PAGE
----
June 26 Energy News

June 26, 2020

Opinion:

¶ “Energy Giants Want To Thwart Reforms That Would Help Renewables And Lower Power Bills” • Australia doesn’t encourage competition and that’s holding back the transition to renewable energy. Important reforms to modernize the market are on the way, but big energy companies are seeking to use the cover of Covid-19 to prevent the change. [EcoGeneration]

Offshore wind farm (Shutterstock image)

¶ “BP Takes $18 Billion Writedown – What’s Up With That?” • BP, one of the largest fossil fuel companies in history, did something unexpected this week. It wrote off $18 billion worth of its assets, significantly reducing the stated value of its oil and gas reserves. BP CEO Bernard Looney cited the likelihood of a reorientation toward the Paris Agreement goals. [CleanTechnica]

World:

¶ “Wärtsilä To Design And Equip Two Electric Ferries For Norway” • Wärtsilä’s work in battery-powered vessels paid off recently with a contract to design and equip two new zero-emissions ferries. The company will build the double-ended shuttle ferries for Norwegian operator Boreal Sjö at Holland Shipyards in the Netherlands. [CleanTechnica]

Electric ferries (Image courtesy of Wärtsilä)

¶ “Rocky Mountain Institute Launches New Climate Tech Accelerator” • Faced with the rising urgency of the climate crisis, Rocky Mountain Institute and New Energy Nexus announced the launch of a new joint venture called Third Derivative. Its aim is to accelerate climate innovation worldwide by connecting startups with needed resources. [CleanTechnica]

¶ “Renewable Energy Firms Find Opportunity In Brazil’s Mining Sector” • Anglo American’s Brazilian unit signed a contract with wind power company Casa dos Ventos, acquiring up to 95 MW from the Rio do Vento complex, in Rio Grande do Norte state. Mining giant Vale announced in May it would invest $2 billion in renewable energy projects. [BNamericas English]

Remote control mining trucks

¶ “Shifting To Renewable Energy To Save Israel $2.62 Billion: Ministry Report” • According to a report released by Israel’s Ministry of Environmental Protection, combined cycle facilities with renewable energy and battery energy storage will save the Israeli economy 9 billion new shekels (about $2.62 billion). They will also reduce emissions and pollution. [Xinhua]

¶ “Renewable Energy Breaks UK Record In First Quarter Of 2020” • The UK government’s official data has revealed that renewable energy made up 47% of the electricity generation in the first three months of 2020, smashing the previous quarterly record of 39% set last year. A surge in wind power helped to set a new record for clean energy. [The Guardian]

Wind turbines in England (David Rogers | Getty Images)

¶ “Renewables Uptake ‘Driving Down’ EU Emissions” • Lower EU greenhouse gas emissions today are largely due to the growth in renewable generation, an International Energy Agency energy policy review showed. EU greenhouse gas emissions in 2019 were 23% lower than in 1990. The EU has already met its target of a 20% decline by 2020. [reNEWS]

¶ “IAEA Releases 2019 Data On Nuclear Power Plants Operating Experience” • The International Atomic Energy Agency has released its comprehensive annual nuclear power assessment. At the end of December 2019, the global operating nuclear power capacity was 392.1 GW, a decrease of some 4.5 GW compared with 2018. [International Atomic Energy Agency]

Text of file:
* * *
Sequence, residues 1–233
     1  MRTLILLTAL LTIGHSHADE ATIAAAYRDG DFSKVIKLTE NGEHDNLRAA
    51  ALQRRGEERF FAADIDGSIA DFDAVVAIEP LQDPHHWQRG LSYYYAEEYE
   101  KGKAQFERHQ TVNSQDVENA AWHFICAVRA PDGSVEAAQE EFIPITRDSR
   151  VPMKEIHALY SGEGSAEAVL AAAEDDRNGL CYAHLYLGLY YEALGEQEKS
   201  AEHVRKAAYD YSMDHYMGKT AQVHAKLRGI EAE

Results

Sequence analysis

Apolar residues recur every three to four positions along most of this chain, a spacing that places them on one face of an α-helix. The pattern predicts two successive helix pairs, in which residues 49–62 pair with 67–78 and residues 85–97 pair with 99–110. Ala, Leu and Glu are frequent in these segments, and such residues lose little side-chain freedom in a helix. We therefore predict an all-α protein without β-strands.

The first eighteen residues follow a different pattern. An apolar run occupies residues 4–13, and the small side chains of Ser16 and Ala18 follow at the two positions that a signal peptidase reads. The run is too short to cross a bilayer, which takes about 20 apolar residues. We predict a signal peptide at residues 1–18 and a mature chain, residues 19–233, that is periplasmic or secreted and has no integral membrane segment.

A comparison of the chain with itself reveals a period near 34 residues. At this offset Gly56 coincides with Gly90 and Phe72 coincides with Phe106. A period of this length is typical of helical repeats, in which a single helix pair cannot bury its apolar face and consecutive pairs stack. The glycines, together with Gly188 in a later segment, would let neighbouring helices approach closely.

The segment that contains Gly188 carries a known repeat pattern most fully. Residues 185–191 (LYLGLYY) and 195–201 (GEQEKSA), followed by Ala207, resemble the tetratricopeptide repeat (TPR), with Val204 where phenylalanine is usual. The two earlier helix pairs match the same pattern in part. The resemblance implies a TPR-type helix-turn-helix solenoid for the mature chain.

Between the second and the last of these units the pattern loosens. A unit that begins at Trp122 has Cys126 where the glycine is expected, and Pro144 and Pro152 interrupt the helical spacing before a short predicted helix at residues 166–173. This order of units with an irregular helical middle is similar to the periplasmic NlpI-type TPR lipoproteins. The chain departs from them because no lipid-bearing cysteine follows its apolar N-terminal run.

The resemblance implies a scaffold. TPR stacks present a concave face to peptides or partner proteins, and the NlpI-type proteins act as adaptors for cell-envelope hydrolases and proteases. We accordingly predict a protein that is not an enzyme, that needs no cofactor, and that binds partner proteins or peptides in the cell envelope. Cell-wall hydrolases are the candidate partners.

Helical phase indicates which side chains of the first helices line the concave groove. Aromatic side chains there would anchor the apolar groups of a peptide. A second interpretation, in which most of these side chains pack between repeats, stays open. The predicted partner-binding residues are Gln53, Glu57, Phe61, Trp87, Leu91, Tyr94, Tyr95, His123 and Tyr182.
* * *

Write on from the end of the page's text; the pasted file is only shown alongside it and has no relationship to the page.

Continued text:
Indian Point nuclear plant (Roban Kramer, Wikimedia Commons)

US:

¶ “West Coast Electric Utilities Map Out I-5 Electric Truck Charging Sites” • Nine West Coast utilities and two agencies created a study, to map out important EV charging infrastructure for trucks. The report recommends adding electric vehicle charging for trucks at 50-mile intervals along Interstate 5 and adjoining highways. [CleanTechnica]

¶ “USA Could Hit 90% Clean Electricity By 2035” • A new analysis from UC Berkeley asks how fast we can go to 90% zero-carbon power – by which it means wind, solar, hydropower, and nuclear power – at no extra cost to consumers. Thanks to rapidly falling costs for wind turbines, solar panels, and batteries, the answer is 2035. [CleanTechnica]

Solar array (Photo courtesy of Array Technologies)

¶ “Trump Administration Moves To Make Millions More Acres Available For Oil And Gas Leasing In Alaska Reserve” • A federal agency has released a final management plan for the National Petroleum Reserve-Alaska. The plan proposes to make 7 million additional acres of land on the North Slope open to potential oil and gas development. [Anchorage Daily News]

¶ “US Renewables Produce 27% More Power Than Coal, Outpace Nuclear Over Four Months” • In the US, renewable energy sources produced significantly more electricity than coal during the first four months of 2020 and topped nuclear power as well, the SUN DAY Campaign shows, based on data from the Energy Information Administration. [Renewables Now]

Wind farm in Oklahoma (US Dept of Agriculture image)

¶ “House Democrats Unveil Green Tax Package” • US House Democrats unveiled a major green tax package, offering tax incentives for renewables, electric vehicles and a host of other environmentally friendly businesses. The legislation would extend several renewable energy tax breaks, and it would expand some incentives. [The Hill]

¶ “Duke Energy Offers Renewable Energy Certificate Program For Residential Customers” • A Duke Energy press release says the company’s Renewable Advantage program provides a way for customers to supplement their energy use with renewable energy and help local schools go solar at the same time, at a fee of $3 per month. [Mountain Xpress]

Have an energizingly excellent day.

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